Regulatory framework for civil aviation in India:

Currently, India is one of the fastest growing markets for civil aviation despite the stress faced by the aviation sector due to the COVID-19 pandemic1. India's domestic traffic makes up more than 65% of the total traffic in the South Asian region2. India is the tenth-largest market for civil aviation around the globe and it has been predicted that the Indian civil aviation market will experience exponential growth in the years to come3.

The Ministry of Civil Aviation is responsible for formulation of national policies and programmes for the development and regulation of the civil aviation sector in the country4 and the Ministry of Home Affairs is responsible for all security related policies including aviation security.

In India, the civil aviation sector as defined under the Foreign Direct Investment ("FDI") Policy 2020 includes "Airports, Scheduled and Non-Scheduled domestic passenger airlines, Helicopter services/Seaplane services, Ground Handling Services, Maintenance and Repair organizations, Flying training institutes and Technical training institutions".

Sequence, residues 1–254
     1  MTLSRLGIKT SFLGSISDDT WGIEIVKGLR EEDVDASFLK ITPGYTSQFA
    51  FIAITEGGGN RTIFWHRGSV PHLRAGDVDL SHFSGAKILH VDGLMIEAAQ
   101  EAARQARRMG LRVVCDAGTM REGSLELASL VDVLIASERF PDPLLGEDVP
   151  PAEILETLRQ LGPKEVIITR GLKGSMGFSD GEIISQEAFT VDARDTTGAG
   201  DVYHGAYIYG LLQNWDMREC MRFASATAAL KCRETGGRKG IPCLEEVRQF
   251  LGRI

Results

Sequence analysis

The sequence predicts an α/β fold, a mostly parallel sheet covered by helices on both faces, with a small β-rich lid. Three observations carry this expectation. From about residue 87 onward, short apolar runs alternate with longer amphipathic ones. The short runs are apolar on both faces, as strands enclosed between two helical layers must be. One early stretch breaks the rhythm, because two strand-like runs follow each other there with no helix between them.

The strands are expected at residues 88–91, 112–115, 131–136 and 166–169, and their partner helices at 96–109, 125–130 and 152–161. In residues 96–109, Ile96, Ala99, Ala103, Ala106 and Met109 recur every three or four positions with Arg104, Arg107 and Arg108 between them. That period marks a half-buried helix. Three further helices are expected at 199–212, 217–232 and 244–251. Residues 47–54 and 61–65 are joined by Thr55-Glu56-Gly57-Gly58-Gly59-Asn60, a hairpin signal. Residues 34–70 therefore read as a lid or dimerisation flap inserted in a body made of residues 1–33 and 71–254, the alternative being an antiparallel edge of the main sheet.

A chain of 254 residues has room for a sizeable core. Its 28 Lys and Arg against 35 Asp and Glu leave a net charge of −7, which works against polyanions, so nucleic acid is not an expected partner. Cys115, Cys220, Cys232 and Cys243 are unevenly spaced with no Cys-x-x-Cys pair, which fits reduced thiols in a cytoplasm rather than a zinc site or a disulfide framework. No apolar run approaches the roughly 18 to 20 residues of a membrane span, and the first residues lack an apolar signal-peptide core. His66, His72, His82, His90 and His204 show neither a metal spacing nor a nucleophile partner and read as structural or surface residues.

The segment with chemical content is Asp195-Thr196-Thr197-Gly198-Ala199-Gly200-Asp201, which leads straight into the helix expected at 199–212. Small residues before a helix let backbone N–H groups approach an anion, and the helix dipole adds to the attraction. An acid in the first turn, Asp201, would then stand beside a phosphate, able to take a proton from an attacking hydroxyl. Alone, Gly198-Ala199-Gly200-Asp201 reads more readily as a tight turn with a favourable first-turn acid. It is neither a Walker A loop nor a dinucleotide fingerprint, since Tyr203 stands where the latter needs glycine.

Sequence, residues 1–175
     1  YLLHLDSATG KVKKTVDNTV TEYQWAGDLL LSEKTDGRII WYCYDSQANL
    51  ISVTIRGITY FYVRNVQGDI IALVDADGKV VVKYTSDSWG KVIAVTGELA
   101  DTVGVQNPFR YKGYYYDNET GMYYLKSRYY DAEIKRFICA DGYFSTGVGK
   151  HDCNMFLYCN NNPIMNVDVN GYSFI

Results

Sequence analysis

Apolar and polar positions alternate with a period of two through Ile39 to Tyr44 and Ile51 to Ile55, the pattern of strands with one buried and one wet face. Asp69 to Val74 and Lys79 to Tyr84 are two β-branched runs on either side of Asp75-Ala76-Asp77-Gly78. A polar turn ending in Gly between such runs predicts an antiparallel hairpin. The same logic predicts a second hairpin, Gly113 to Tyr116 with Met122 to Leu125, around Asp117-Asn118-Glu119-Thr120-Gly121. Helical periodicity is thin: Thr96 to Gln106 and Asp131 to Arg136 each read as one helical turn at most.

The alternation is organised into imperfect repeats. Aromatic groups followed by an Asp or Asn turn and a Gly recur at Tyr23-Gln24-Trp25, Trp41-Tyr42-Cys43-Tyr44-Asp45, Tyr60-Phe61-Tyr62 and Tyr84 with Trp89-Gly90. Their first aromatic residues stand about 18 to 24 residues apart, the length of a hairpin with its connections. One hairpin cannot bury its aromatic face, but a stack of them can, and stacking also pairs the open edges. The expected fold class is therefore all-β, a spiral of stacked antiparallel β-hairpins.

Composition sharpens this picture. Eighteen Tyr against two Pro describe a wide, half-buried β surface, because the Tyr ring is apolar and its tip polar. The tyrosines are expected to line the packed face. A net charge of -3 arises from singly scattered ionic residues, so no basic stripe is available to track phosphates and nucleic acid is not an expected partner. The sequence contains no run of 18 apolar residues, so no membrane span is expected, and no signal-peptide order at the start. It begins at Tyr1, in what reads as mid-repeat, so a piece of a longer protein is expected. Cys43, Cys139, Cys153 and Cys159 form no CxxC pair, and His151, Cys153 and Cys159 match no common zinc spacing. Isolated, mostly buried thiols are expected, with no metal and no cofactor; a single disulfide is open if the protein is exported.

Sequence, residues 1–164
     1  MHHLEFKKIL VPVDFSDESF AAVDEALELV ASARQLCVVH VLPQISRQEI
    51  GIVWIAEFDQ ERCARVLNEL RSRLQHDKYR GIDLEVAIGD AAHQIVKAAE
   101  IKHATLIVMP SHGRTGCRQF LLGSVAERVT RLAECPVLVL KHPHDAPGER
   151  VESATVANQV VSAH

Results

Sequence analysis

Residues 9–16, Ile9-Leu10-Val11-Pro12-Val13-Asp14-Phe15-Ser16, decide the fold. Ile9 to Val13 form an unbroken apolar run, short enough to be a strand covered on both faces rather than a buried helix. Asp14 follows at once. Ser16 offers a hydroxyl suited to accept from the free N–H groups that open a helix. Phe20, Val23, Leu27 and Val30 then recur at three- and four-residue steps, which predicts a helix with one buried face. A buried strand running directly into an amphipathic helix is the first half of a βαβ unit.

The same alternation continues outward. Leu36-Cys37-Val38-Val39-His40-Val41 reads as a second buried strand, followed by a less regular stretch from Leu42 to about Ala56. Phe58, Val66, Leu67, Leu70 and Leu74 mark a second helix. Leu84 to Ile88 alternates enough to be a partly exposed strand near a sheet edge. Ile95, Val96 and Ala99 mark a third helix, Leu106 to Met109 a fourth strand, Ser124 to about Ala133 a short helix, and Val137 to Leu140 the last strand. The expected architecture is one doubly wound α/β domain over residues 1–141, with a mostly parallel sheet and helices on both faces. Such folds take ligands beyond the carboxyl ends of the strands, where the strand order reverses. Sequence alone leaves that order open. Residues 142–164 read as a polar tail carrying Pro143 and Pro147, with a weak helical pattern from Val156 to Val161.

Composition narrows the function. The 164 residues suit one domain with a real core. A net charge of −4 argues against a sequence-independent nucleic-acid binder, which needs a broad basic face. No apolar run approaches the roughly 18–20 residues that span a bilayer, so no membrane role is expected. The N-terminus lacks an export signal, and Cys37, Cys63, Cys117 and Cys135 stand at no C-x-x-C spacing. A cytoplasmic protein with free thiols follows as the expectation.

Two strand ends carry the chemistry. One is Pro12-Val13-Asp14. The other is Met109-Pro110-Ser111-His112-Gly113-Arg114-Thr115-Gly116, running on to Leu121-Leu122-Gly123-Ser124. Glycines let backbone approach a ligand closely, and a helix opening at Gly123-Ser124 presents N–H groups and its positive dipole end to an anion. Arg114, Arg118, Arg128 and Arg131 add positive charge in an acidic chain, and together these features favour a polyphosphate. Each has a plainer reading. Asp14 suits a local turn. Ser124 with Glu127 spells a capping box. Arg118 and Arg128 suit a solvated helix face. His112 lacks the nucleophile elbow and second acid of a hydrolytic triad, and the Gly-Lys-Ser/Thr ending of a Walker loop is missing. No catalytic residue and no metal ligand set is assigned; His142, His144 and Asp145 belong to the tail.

The primary legislation governing civil aviation in India is the Aircraft Act, 1934 and the rules made thereunder. The Aircraft Act establishes "control of the manufacture, possession, use, operation, sale, import and export of aircrafts and licensing of aerodromes". The Aircrafts Act grants statutory recognition to the Directorate General of Civil Aviation ("DGCA"), the Bureau of Civil Aviation Security ("BCAS") and the Aircraft Accidents Investigation Bureau ("AAIB") which are currently the regulatory bodies working under the Ministry of Civil Aviation and govern and monitor civil aviation in India. Each of these regulatory bodies have their own distinct function and roles and often work hand-in-hand to ensure effective regulation of aircrafts and airports in India. The DGCA is the primary body, responsible for regulation of civil aviation in India and for the enforcement of air worthiness and air safety standards as prescribed under the Aircraft Act, 1934 and rules.